Over the past couple of days I've tried to put myself in my friend’s shoes in an attempt to try and understand how this situation has arisen so that I can try and help.  What would I have done?  I must say I'm struggling to understand this situation as it’s just so far from how I live but here goes.  I'm no longer living the Retirement Investing Today lifestyle and don’t even have an Emergency Fund in place.  I fall a little short in one month through an unplanned surprise and find that I have annual income of twenty pounds per annum but am spending twenty pounds and sixpence.  Provided my income was relatively secure (if it wasn't I’d probably be queuing at the Citizens Advice Bureau tomorrow) I’d probably apply for a personal loan or reach for my cash back credit card depending on how long I thought I would be in debt for and how quickly I needed to find the cash.  If I didn't have such a good credit record when I fell into this situation I’d likely be looking for a personal loan or reaching for my credit card for those with poor credit both of which will carry higher interest rates than a person with a good credit rating as I'm now a more risky borrower.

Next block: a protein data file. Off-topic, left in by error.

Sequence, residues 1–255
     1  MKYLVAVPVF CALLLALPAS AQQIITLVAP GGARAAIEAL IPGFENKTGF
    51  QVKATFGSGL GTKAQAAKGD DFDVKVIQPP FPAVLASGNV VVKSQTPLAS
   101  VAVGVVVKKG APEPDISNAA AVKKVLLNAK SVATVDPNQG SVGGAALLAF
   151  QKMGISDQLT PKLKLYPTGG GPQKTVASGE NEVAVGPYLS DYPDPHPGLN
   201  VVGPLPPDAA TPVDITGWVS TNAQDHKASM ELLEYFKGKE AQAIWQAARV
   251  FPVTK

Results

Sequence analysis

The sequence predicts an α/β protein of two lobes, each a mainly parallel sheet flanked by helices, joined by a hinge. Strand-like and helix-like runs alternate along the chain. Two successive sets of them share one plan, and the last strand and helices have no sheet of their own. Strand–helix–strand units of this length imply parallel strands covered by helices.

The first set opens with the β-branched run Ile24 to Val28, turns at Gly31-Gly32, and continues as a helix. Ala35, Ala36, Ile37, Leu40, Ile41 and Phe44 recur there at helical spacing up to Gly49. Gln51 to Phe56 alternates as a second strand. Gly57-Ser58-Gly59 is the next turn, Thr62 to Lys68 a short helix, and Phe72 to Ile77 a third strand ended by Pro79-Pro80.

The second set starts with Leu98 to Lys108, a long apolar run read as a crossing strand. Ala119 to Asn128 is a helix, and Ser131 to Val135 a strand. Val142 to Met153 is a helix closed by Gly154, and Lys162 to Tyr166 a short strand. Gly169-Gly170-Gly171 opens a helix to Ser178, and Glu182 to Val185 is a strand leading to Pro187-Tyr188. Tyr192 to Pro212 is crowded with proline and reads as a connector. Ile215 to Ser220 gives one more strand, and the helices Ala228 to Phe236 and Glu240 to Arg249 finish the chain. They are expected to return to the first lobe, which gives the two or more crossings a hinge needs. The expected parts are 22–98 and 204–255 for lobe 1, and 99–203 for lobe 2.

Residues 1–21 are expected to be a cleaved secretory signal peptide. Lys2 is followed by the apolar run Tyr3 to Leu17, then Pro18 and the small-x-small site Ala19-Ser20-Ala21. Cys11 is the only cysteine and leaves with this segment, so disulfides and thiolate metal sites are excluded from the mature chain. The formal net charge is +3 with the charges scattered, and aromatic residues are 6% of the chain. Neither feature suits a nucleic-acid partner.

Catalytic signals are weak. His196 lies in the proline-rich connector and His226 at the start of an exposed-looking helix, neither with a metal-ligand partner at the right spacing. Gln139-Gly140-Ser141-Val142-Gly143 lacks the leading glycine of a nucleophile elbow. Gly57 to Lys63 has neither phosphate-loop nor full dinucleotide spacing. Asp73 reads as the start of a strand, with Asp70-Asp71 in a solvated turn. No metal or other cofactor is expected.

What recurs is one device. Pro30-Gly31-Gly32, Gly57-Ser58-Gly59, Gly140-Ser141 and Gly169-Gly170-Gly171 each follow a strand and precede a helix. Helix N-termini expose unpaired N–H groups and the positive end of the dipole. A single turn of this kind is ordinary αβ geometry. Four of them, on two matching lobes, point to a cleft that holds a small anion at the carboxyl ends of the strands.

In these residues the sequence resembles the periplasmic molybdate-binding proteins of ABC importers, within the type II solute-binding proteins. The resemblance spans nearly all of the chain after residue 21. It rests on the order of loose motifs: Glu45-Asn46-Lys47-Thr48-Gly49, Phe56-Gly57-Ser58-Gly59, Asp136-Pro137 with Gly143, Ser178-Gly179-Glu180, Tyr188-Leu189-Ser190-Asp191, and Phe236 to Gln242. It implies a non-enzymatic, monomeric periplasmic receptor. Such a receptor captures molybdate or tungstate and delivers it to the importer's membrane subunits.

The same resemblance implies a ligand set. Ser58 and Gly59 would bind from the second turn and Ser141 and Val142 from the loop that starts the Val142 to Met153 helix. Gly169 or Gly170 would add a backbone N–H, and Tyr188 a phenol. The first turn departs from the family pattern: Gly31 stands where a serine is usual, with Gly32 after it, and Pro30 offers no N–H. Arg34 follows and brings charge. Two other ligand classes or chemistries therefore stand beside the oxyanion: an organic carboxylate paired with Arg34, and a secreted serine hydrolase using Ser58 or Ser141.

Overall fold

To now I think my friend and I are on the same path.  The next step is where we would however diverge greatly.  I’d be treating the situation as a family emergency! Sirens would be sounding, lights would be flashing and I honestly would not be sleeping until the problem had been solved and the money repaid.  As a family we’d be cutting costs and quick.  The method I developed previously would serve us well here however this time it would be A Method to Help Us All Save More Extreme.  In the short term any non-food, energy related or transport for work only purchase would be banned.  Good bye all holidays and any non-essential expenditure including that quick High Street snack would be banned.  The food purchases would be back to the very bare essentials that would keep us healthy.  The heating would also be off and multiple jumpers would be on.  Lights would also be used sparingly.  Any fun that costs money would be off limits.  I’d review transport to work costs to get them down at the expense of extended travel times.  A long term review of where we live and can we afford to stay would also be undertaken.  I’d also be looking for a weekend job to try and find some more short term money.  All of this would be used to pay off the debt in the shortest possible of time.  In parallel I’d also be trying to understand how it all went and implementing solutions to prevent it all happening again.